Prorogation of Parliament: the two court rulings explained

Prorogation of Parliament: the two court rulings explained

Martin Brenncke (Aston Law School) explains the difference between the two high court rulings regarding the prorogation of Parliament. 

The Prime Minister‘s decision to advise the Queen to prorogue Parliament is a political decision. It is not subject to judicial review by the courts. Whether or not the timing and duration of prorogation constitutes an abuse of power by the Prime Minister is a political question, which is not for the courts to assess. This is the gist of yesterday’s High Court judgment in Miller v The Prime Minister.

The High Court had to determine the border between law and politics, but this border is fuzzy and a large grey area rather than a fine line. The court determined this border by making a discretionary policy decision. It would have been within the common law powers of the court to decide that any exercise of the executive‘s prerogative power is subject to judicial review. Such a decision would have made the law much clearer, but the court did not venture down this path and this is a smart decision.

There would have been little benefit of throwing the courts into the current political power struggle between Parliament, the Executive and the people. The public and media outcry of such a political decision from the unelected branch of the state would have been immense and would have undermined public confidence in an independent judiciary. The memories of ”Enemies of the People“ are still fresh. The High Court also pointed out explicitly that Parliament, despite prorogation, still has sufficient time before 31 October 2019 to debate Brexit and to hold the government to account. In other words, political means are still available to solve this crisis. An intervention of the courts would have been a high-risk venture with limited benefits.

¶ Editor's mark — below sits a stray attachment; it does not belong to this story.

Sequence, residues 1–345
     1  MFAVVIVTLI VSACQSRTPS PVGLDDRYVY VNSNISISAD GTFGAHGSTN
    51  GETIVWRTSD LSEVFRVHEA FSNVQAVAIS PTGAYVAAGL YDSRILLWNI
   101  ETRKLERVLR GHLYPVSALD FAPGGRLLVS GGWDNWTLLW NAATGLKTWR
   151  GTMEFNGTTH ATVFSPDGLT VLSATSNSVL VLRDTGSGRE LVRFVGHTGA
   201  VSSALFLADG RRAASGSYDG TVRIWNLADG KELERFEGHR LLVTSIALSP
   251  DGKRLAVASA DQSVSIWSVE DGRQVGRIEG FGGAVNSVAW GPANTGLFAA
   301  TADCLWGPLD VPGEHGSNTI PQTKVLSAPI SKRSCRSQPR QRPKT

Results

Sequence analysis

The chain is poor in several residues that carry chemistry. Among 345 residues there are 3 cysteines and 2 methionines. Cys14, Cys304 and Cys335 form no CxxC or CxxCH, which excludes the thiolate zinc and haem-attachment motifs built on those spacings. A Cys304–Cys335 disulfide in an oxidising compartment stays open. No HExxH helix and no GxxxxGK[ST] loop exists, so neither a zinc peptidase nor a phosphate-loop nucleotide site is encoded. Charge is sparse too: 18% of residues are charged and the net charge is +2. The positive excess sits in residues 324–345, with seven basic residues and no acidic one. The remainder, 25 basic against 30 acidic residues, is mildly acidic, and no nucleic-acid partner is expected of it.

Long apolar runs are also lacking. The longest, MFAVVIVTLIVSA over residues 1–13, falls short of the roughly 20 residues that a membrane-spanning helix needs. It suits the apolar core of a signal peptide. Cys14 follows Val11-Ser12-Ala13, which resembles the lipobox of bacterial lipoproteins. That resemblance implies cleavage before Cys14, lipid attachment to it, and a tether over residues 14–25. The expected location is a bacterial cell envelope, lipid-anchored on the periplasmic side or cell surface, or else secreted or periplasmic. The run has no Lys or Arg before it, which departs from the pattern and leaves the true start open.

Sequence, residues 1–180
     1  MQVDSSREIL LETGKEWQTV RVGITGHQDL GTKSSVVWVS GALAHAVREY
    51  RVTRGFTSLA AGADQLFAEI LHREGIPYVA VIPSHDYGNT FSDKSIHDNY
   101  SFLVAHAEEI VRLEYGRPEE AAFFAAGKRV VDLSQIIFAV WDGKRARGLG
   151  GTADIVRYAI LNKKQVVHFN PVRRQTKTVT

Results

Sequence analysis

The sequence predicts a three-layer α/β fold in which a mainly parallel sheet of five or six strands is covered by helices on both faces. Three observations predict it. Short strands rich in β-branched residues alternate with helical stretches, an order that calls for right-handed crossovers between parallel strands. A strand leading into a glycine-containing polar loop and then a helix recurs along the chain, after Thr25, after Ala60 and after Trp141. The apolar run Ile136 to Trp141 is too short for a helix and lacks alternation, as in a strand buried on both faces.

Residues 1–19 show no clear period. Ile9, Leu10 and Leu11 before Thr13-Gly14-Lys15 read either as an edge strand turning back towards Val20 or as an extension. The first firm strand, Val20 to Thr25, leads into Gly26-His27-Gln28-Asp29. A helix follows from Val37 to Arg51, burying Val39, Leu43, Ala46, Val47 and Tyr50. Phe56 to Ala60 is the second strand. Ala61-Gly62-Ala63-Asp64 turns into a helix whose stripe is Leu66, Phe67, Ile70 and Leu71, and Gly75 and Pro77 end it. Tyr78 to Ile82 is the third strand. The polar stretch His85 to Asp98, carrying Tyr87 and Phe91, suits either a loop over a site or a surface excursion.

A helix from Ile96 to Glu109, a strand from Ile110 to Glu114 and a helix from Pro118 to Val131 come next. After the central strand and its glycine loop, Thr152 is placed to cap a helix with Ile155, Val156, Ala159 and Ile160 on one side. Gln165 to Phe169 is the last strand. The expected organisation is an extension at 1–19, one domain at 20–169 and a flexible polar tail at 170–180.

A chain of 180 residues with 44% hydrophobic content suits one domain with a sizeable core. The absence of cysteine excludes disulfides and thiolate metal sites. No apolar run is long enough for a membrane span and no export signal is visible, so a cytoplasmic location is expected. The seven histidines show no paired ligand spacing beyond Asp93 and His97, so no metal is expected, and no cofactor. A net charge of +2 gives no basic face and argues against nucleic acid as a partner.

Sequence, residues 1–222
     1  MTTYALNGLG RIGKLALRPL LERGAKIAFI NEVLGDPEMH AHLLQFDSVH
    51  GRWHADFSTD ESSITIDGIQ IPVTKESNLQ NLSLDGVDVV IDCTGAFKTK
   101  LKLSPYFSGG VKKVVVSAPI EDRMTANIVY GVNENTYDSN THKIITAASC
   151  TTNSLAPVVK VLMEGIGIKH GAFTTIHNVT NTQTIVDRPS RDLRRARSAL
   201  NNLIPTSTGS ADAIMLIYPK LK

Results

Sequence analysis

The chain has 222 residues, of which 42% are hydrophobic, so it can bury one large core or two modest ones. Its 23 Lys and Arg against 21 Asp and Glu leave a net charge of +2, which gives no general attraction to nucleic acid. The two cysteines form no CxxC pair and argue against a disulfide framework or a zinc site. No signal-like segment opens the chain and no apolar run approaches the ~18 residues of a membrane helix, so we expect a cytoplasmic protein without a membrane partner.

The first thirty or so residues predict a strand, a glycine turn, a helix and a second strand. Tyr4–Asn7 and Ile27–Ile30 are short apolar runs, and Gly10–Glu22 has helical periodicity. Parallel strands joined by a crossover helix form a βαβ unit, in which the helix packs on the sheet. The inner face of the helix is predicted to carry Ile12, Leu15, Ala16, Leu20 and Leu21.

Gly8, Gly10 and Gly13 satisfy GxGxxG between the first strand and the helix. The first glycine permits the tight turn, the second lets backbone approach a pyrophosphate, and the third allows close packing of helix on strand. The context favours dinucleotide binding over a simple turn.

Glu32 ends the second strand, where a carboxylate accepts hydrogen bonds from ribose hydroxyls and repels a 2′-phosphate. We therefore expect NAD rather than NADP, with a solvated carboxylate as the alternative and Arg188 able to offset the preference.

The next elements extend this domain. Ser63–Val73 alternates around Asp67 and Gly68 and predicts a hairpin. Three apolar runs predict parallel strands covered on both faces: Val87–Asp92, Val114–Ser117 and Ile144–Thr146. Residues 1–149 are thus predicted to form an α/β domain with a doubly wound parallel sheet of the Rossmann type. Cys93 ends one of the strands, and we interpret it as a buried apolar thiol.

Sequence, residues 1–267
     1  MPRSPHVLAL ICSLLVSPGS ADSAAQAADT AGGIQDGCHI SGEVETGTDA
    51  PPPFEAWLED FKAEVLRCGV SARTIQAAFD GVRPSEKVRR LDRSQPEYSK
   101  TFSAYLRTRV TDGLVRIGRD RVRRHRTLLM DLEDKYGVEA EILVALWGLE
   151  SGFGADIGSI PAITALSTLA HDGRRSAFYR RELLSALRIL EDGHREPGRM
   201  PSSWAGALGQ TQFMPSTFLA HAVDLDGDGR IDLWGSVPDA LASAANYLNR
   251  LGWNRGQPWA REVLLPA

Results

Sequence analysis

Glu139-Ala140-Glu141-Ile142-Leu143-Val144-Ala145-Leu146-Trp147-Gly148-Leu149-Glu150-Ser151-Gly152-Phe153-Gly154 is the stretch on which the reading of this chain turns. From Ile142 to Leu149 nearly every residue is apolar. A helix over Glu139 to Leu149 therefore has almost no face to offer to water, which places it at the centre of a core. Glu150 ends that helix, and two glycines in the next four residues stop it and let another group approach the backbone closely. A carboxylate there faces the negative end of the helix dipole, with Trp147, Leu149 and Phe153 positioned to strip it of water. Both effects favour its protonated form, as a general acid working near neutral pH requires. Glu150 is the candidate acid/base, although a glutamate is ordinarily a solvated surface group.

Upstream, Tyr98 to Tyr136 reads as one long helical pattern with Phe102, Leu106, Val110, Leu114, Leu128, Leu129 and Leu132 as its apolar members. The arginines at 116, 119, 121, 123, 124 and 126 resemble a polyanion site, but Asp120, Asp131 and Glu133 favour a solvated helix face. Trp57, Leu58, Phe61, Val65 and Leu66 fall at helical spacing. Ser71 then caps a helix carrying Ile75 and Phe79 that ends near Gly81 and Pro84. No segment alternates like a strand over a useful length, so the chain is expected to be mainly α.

This assessment does not hold in Scotland where the Court of Session decided yesterday that the Prime Minister‘s decision to advise the Queen to prorogue Parliament is (a) subject to judicial review and (b) unlawful. The Scottish Court also determined the border between law and politics, but it did so differently than the High Court. This policy decision is in harmony with the political parameters in Scotland. It is in line with the will of the majority of the Scottish people, the Scottish Parliament and the Scottish government. In Scotland, these judges are ”Heroes of the People“ and defenders of democratic values. The intervention of the Scottish court was thus a low-risk venture. This is different in the UK Supreme Court where the controversial issue will be heard next Tuesday, finally settled and where the political stakes are higher.

This post represents the views of the author and not those of the Brexit blog, nor the LSE. Image by DAVID HOLTsome rights reserved.

Martin Brenncke is Lecturer in Law at Aston Law School, Birmingham. His recent monograph ‘Judicial law-making in English and German courts’ investigates the limits of judicial power in a legal system.

Original source: